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Dec. 2 , 2005
CONTACT: Ward Mullens
734.487.4400
ward.mullens@emich.edu

EMU adds additional open house in response to 'Return to Learn' interest

YPSILANTI - Their backgrounds range from housewife to business owner, but they have one desire in common – to return to college and finish their degree from Eastern Michigan University.

More than 100 students from Washtenaw and Wayne County attended the Nov. 29 “Return to Learn” open house at EMU’s main campus to find out how they can complete a degree. EMU also had open houses at its Brighton, Livonia, and Detroit satellite sites.

“We have worked very hard to get the word out through media interviews, advertisements and letters,” said Dr. Lynette Findley, coordinator of EMU’s “Return to Learn” efforts. “We targeted Washtenaw and Wayne Counties by sending out letters and it worked. More than 95 percent of the students at the last open house indicated that they had heard about the program from the letter.”

Findley said interest in the program has been so high that an additional open house is set for Dec. 20, 4-7 p.m., at McKenny Union on EMU’s main campus in Ypsilanti.

“These are students who started their college education at EMU and want to complete their degree here,” said Findley.

Although the current “Return to Learn” students will not begin their classes until 2006, here are several examples of students who took the step to complete their degrees at EMU:

• Jose Valderrama, a 38-year-old husband and father, left school 10 years ago, to work as an emergency room technician.  His friends and a mentor, who was an EMU graduate, however, saw his potential and encouraged him to consider a nursing career. He returned to EMU and will graduate from the nursing program in December. He will continue working in the University of Michigan’s emergency room, but in a new capacity – as a registered nurse. He considers his education an investment in his family’s future.

             • Sara Duvall was president and CEO for a film production company before retiring after 20 years. After retiring, the 56-year-old returned to Michigan and found herself substitute teaching. She loved it. Her excitement for teaching led her to enroll in Eastern Michigan’s doctoral program in educational leadership and counseling. She recently graduated and plans on working as a superintendent in a school district.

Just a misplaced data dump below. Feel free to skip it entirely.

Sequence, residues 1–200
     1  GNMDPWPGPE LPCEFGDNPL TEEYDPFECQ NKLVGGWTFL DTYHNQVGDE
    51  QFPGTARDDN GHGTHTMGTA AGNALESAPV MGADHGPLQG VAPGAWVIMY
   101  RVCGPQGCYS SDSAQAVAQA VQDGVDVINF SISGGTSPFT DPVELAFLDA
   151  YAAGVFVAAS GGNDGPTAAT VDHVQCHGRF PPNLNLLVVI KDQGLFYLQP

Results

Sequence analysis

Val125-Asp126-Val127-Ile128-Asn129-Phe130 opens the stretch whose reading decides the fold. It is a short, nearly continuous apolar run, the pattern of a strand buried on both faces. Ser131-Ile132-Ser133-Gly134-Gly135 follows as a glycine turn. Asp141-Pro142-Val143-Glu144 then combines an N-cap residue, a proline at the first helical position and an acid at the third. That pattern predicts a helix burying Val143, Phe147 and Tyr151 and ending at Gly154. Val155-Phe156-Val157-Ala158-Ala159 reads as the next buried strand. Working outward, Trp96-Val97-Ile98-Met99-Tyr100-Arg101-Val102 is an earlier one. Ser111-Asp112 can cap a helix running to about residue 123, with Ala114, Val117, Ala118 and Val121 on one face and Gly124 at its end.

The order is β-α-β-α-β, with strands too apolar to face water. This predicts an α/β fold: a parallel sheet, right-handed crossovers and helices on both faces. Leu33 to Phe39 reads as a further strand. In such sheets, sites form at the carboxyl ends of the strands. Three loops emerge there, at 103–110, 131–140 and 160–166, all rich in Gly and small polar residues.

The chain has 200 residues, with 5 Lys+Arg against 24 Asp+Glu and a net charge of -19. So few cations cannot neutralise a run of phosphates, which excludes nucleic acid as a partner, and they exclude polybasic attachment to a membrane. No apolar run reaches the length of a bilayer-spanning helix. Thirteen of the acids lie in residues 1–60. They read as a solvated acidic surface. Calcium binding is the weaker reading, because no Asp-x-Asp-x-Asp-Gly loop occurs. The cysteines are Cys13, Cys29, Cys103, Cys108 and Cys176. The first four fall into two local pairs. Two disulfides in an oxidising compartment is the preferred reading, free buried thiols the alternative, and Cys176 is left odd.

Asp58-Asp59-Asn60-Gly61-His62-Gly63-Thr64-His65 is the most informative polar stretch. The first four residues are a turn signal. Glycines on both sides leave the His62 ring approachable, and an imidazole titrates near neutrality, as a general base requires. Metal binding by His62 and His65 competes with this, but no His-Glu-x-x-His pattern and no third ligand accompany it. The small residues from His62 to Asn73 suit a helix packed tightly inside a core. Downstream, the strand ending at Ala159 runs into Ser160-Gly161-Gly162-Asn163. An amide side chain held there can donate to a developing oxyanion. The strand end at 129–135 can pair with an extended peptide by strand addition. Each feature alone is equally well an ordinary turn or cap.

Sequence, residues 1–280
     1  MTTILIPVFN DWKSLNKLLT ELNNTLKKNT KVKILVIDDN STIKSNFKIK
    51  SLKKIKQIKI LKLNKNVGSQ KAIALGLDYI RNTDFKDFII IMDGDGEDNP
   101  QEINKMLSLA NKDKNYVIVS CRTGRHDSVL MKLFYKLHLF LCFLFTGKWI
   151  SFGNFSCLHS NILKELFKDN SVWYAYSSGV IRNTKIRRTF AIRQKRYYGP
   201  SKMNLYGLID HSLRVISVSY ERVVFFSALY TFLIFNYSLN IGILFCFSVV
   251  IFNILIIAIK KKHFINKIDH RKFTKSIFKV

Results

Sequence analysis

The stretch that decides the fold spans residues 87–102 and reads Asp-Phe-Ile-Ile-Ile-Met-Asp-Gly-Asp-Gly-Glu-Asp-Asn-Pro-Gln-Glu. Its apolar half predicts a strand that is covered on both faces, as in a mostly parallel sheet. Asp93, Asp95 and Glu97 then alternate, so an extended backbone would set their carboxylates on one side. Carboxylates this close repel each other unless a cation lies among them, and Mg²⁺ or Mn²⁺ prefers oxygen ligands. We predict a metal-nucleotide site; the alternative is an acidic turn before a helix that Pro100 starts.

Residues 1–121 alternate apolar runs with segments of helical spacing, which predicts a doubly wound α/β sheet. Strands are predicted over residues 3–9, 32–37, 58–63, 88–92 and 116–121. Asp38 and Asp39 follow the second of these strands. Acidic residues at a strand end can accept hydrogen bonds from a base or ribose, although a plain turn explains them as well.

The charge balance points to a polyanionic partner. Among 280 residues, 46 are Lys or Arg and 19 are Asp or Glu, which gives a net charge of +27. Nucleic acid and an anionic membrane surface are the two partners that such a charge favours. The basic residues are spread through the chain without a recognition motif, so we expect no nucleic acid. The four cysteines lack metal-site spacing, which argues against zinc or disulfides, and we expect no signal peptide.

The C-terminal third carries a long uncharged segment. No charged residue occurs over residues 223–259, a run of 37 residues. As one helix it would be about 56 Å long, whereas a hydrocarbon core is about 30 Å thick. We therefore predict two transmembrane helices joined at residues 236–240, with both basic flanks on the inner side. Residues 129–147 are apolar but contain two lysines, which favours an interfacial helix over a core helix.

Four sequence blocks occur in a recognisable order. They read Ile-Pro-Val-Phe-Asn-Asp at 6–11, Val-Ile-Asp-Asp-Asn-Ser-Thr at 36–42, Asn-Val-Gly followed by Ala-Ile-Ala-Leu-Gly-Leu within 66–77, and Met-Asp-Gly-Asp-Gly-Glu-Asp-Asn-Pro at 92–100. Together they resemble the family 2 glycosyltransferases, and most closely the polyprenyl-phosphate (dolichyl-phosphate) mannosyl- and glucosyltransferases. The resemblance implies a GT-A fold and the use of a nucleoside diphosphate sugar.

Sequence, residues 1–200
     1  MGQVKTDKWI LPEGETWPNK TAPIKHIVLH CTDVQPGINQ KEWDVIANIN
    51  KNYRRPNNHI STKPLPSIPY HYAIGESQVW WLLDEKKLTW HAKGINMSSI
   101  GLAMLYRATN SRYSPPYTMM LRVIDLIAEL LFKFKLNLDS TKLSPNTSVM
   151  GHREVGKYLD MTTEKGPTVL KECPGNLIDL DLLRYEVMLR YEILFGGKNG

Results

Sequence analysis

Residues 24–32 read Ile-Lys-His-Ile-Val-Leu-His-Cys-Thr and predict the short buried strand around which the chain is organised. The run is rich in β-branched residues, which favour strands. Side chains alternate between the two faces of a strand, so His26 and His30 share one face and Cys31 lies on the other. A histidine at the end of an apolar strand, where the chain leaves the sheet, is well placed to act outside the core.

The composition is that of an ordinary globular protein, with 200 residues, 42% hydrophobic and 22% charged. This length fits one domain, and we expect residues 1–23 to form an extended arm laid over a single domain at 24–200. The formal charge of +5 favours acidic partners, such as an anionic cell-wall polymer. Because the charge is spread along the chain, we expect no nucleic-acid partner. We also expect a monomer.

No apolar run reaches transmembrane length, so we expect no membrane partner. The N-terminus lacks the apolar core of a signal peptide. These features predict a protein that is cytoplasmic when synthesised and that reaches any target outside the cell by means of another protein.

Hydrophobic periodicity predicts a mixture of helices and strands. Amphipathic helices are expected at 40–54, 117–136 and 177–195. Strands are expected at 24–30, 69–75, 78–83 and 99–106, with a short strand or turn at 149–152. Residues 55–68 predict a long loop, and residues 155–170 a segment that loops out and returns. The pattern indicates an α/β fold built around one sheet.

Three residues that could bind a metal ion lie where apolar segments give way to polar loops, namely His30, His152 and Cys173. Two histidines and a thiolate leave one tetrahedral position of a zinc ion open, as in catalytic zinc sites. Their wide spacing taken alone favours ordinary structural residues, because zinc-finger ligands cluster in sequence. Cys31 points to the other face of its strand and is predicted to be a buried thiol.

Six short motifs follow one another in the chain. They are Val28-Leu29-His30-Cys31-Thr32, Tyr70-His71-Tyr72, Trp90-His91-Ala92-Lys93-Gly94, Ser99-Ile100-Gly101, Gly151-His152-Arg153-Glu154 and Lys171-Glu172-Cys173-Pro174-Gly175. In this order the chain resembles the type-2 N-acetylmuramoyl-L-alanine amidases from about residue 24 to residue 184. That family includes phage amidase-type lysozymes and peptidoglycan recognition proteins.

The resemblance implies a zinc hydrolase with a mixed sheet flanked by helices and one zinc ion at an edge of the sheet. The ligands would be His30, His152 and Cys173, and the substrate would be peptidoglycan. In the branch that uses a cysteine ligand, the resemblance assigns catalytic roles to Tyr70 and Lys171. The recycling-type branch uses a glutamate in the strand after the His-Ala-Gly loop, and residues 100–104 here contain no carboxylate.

• Gary Nicholls is looking forward to the day when he finally graduates from EMU nearly 40 years after he first started college. Not only will he have earned his bachelor’s degree, but he also will have achieved a lifelong dream of teaching school.  Nicholls went back to school after he was let go from his job at a film production company due to the economy. It was a wake-up call for him. After considering his options, he enrolled in EMU. He now plans to become a social studies teacher in a middle school, something he thought he’d never have the chance to do.

“We have utilized every possible tool at our disposal to help get out the word about this great program,” said Pam Young, director of University Communications for EMU. “We have done radio interviews, run radio commercials and print advertisements, built a “Return to Learn” Web site with personal stories of some of the students the program is attracting, and provided ‘one-stop shopping’ with our open houses. Eastern Michigan University already had an array of programs available to adult students so gearing up for the “Return to Learn” initiative wasn’t difficult.”

“This is a great investment for us because it helps the students, it helps EMU and ultimately it benefits the state and the economy,” Young said.

Gov. Jennifer Granholm announced the “Return to Learn” initiative at the beginning of November as an effort to double the number of college graduates in the state. Michigan is currently above the national average for percentage of adults having some college credit, but no degree. Granholm said that getting these people back in the classroom is vital to Michigan’s economic growth and public prosperity, because states with the highest number of college graduates also are the states with the strongest economies and the lowest unemployment rates.

Eastern Michigan University is a public, comprehensive university that offers programs in the arts, sciences and professions. EMU prepares students with the intellectual skills and practical experiences to succeed in their careers and lives, and to be better citizens.

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Eastern Michigan University is a public, comprehensive university that offers programs in the arts, sciences and professions. EMU prepares students with the intellectual skills and practical experiences to succeed in their career and lives, and to be better citizens.

Editor's Note: Looking for an expert source for a story? Check out EMU's Eastern Experts online at www.emich.edu/univcomm/easternexperts.


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